What prevents a guardian from going rogue with no one watching?   When it comes to guardianship, there are plenty of examples of  financial exploitation and isolation,  but the reports don’t come from databases. — the reports come from the press.  Press coverage seems to be just about the only way someone can be freed from guardianship.

Presently, there are very few states with the technology to gather statistics and organized records, Minnesota being one of the few.  Without a state knowing how many guardianships there are, there is no effective way to know what happens to a person as a result of guardianship. The goal is to know where a person in guardianship is located, what kind of powers were given to the guardian, how long the guardianship has been in place, how often the person is being visited and a record of the court hearings and motions.

One goal, as pointed out in the link below, is to achieve restoration of rights for those who no longer need guardianships, or who were wrongly placed in overly restrictive situations. How can anything be done to help people if no one is tracking where and who they are? We know a few examples of families who have searched for years to find a parent taken into guardianship.

Another goal is to provide oversight by connecting the dots.  Why was the person put into guardianship in the first place?  (The petition-) Was an alternative to guardianship suggested or tried? (Court documents would show whether they did or didn’t.)  Was there a proper evaluation for incapacity?

(You’d be surprised by how many people in guardianship are never evaluated by a proper committee, much less anyone at all.  Research has shown many examples of frightening short cuts when it comes to “incapacity declarations,”.  To make things even worse, many cases have bypassed due process altogether.)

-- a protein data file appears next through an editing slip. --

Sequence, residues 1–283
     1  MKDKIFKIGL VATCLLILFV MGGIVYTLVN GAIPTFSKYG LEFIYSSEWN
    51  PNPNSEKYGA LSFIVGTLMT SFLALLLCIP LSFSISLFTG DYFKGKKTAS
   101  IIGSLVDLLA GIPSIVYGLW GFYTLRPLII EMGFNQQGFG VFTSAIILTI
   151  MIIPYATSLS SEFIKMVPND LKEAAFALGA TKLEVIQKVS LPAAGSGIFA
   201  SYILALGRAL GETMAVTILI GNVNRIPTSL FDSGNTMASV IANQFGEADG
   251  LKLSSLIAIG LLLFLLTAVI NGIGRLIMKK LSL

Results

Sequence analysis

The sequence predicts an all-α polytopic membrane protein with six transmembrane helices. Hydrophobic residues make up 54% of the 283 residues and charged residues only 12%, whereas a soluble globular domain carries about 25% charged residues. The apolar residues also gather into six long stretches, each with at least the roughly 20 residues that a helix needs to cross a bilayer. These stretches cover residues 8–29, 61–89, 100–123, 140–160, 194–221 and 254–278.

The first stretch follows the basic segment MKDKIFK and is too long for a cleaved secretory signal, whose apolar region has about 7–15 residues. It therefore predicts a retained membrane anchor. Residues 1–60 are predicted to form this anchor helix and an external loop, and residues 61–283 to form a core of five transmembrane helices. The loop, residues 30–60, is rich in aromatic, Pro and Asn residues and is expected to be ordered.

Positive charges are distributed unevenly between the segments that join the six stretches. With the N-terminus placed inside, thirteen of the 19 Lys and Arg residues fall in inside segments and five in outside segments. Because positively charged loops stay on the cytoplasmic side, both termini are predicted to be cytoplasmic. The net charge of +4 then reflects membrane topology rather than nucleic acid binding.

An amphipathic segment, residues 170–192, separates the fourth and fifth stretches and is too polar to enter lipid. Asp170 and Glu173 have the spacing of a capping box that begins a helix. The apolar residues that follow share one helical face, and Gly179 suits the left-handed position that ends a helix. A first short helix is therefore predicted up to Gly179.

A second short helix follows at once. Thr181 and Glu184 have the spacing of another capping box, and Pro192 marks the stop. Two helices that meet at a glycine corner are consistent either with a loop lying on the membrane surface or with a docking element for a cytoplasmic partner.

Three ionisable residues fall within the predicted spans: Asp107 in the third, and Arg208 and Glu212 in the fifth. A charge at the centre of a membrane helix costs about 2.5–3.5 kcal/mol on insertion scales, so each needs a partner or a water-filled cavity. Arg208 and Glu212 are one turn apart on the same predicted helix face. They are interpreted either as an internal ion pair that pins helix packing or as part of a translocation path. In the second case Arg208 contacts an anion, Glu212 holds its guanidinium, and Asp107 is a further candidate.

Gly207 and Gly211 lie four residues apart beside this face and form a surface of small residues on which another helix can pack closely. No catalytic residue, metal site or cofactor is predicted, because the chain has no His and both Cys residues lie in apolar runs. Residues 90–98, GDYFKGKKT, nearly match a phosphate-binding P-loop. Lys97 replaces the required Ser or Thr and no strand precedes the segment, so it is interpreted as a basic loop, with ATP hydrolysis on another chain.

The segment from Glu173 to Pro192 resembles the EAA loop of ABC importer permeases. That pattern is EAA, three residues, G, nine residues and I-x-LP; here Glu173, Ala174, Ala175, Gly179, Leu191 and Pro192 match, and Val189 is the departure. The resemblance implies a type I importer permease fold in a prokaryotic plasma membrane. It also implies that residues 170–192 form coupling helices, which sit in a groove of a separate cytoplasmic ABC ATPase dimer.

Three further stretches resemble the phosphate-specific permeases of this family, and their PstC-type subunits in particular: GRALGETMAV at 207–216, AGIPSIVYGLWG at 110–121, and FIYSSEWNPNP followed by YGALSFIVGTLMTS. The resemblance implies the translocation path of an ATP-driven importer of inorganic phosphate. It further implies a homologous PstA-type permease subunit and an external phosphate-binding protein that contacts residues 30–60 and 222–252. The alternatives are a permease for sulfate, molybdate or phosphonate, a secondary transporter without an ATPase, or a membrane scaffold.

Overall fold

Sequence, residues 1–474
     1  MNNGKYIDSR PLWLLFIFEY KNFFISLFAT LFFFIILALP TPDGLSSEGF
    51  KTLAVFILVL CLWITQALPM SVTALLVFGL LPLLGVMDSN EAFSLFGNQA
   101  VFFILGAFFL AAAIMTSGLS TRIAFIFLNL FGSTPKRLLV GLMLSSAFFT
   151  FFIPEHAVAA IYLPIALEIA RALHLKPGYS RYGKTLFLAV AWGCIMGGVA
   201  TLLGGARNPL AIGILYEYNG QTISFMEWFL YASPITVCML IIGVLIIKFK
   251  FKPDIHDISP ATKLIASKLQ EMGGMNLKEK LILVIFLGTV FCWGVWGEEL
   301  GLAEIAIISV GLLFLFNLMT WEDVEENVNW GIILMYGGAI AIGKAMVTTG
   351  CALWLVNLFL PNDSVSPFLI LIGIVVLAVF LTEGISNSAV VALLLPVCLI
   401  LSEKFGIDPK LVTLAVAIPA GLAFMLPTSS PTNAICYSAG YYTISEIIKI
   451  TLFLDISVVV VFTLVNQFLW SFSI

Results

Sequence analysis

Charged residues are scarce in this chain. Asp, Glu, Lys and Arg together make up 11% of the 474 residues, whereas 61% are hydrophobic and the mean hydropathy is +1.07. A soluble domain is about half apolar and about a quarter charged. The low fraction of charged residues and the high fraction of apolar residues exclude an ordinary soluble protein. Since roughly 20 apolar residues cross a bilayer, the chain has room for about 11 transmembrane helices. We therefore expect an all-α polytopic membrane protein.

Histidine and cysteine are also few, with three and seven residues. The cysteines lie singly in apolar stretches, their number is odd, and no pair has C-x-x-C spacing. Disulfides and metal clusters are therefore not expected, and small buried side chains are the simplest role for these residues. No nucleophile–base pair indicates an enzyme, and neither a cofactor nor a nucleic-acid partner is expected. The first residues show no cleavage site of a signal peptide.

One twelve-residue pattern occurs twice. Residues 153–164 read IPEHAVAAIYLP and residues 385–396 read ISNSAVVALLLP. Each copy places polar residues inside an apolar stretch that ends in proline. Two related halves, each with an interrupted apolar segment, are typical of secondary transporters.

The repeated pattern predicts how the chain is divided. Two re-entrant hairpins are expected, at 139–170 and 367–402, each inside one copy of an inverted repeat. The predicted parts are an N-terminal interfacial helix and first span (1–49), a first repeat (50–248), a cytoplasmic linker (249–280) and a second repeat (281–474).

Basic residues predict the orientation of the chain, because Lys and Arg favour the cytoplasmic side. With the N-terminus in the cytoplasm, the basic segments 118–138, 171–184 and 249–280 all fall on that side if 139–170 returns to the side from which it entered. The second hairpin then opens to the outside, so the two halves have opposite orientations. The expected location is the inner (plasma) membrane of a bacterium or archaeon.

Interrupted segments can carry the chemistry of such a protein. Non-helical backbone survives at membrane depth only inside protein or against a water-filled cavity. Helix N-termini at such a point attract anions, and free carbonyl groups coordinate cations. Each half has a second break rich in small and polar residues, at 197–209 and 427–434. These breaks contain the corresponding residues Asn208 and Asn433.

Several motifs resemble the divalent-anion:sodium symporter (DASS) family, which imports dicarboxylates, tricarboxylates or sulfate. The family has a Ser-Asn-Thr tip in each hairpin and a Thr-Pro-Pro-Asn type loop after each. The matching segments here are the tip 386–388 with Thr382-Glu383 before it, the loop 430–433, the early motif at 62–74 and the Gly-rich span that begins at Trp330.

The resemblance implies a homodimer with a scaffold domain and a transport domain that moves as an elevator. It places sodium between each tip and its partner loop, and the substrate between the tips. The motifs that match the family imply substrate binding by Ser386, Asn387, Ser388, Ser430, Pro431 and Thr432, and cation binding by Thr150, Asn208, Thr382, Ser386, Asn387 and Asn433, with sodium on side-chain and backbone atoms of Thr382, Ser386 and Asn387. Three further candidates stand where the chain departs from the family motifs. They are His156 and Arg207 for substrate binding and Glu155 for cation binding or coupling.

We need to know: When was the guardianship initiated?  Are there any complaints about the guardian?  And are there other red flags, such as not turning in detailed annual accounting or any receipts?   This situation deserves our attention and support.  People under guardianships can be reduced to ghosts of their former selves, languishing in institutions alone. with no one seeming to care.

Wouldn’t it be useful for the state itself to collect information in case a guardian moves from one county to another, or from one court to another?   States and county courts don’t have the proper technology to track cases.  That’s why passing the 2021-2022 Guardianship Accountability Act introduced to congress is so important.  Funds would be provided by the Federal Government to improve technology for the states, and to create a national database.  The funds would be provided to the highest state and tribal courts who would make decisions on court improvement efforts.

Without stored records of complaints about a guardian, not much can be done about a guardian who has generated flurries of complaints. The Uniform Guardianship, Conservatorship and Other Protective Arrangements Act would require that complaints be addressed and kept in a permanent file.  This file would go into a central state database.  States should adopt the Act, which is a rights-centered approach to caring for those who need help. Alternatives to guardianship in the document go a long way towards cracking open the sometimes barbaric hold that the guardianship system has over the people in it.